Manny Khoshbin Drives the All-Electric Bugatti Baby II, It's Slower Than You Think

Manny Khoshbin drives the Bugatti Baby II 6 photos
Photo: Manny Khoshbin/YouTube
Manny Khoshbin drives the Bugatti Baby IIManny Khoshbin drives the Bugatti Baby IIManny Khoshbin drives the Bugatti Baby IIManny Khoshbin drives the Bugatti Baby IIManny Khoshbin drives the Bugatti Baby II
As any hypercar collector out there, real estate mogul Manny Khoshbin owns quite a few Bugattis. His collection includes both Chirons and Veyrons, but he also got a Bugatti Baby II, a 75% scale, all-electric version of the iconic Type 35.
He actually got it for his son, but he couldn't resist the temptation of taking it for a drive. Luckily, he documented his first drive in the Baby II on camera, so we can also get a taste of what it feels like to ride in the smallest Bugatti ever built.

Well, it's not actually a Bugatti because it wasn't developed and built by the same company that produces the Chiron. The Bugatti Baby II comes from The Little Car Company, the firm that also produces junior versions of the Aston Martin DB5 and Ferrari Testa Rossa. But it's fully endorsed by Bugatti as a tribute to the 50% scale Type 35 that the company built in 1926.

If you don't know the story, Ettore had a mini Type 35 built for his youngest son. The miniature was supposed to be a one-off, but it was so popular with customers visiting the factory that it eventually became an official model.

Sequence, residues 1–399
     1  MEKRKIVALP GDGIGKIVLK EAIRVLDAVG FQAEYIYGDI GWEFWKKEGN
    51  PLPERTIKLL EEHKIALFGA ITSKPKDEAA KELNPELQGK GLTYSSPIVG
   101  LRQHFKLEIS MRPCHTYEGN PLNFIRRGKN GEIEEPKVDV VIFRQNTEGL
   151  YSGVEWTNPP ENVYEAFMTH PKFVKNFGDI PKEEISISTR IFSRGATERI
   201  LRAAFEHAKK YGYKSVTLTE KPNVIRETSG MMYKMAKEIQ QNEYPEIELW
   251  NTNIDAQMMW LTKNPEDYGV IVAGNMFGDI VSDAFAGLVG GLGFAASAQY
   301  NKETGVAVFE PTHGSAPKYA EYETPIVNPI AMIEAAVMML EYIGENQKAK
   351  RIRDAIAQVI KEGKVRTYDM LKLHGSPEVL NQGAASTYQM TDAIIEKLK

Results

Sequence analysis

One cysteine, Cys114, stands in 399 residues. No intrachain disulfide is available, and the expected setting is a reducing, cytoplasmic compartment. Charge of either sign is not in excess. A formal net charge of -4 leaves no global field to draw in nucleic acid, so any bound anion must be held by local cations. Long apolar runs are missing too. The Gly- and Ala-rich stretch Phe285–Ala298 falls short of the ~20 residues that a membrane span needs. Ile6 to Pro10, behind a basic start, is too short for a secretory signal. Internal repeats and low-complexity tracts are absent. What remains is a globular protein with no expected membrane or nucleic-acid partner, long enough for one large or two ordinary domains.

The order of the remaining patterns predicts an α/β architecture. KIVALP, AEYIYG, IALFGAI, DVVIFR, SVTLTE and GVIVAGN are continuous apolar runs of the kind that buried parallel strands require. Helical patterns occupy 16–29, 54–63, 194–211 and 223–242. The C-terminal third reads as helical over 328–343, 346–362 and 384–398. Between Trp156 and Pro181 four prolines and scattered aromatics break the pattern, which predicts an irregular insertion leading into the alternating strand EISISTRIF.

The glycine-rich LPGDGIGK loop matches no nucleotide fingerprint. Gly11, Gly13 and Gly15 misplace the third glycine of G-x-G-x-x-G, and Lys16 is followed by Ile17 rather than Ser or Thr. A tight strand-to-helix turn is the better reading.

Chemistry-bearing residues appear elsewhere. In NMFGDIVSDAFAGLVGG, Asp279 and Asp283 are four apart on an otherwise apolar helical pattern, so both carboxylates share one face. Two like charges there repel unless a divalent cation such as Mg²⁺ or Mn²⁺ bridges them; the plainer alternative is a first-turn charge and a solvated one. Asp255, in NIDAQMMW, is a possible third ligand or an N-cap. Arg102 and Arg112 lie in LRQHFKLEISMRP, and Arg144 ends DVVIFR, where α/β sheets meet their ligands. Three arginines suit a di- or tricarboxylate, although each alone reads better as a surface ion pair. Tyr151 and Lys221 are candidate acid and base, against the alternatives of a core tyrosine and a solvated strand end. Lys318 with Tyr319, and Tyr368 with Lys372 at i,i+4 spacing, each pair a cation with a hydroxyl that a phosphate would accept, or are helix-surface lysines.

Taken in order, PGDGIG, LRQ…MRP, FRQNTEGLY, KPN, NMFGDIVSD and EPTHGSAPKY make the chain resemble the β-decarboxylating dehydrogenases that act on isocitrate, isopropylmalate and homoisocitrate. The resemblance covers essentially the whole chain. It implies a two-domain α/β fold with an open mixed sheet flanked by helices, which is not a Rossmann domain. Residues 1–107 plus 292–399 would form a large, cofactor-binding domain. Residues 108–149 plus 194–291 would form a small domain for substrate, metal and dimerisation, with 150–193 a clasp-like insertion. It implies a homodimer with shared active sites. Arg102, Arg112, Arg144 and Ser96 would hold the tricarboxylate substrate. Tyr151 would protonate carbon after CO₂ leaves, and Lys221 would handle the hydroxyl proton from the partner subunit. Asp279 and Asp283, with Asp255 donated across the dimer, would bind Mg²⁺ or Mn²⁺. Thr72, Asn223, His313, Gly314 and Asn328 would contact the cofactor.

More than 90 years later and The Little Car Company revived the project as an all-electric junior car built using the latest technology, while still employing traditional coachbuilding techniques.

The mini Bugatti comes in three different versions, Base, Vitesse, and Pur Sang. The entry-level model features a five-horsepower drivetrain that hits 45 kph (28 mph), while the other two come with 13 horses and a top speed of 68 kph (42 mph).

Manny obviously went with a customized, range-topping model with access to all 13 horsepower via a Chiron-inspired "speed key," but it turns out the latter doesn't work so he has to settle driving the car with only five horsepower at his disposal.

That's painfully slow compared to the full-size Chiron, but it sure looks like Manny is having a blast driving the downsized Type 35. Not bad for a Bugatti that cost $80,000, only a small fraction of the Chiron's base sticker.

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About the author: Ciprian Florea
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Ask Ciprian about cars and he'll reveal an obsession with classics and an annoyance with modern design cues. Read his articles and you'll understand why his ideal SUV is the 1969 Chevrolet K5 Blazer.
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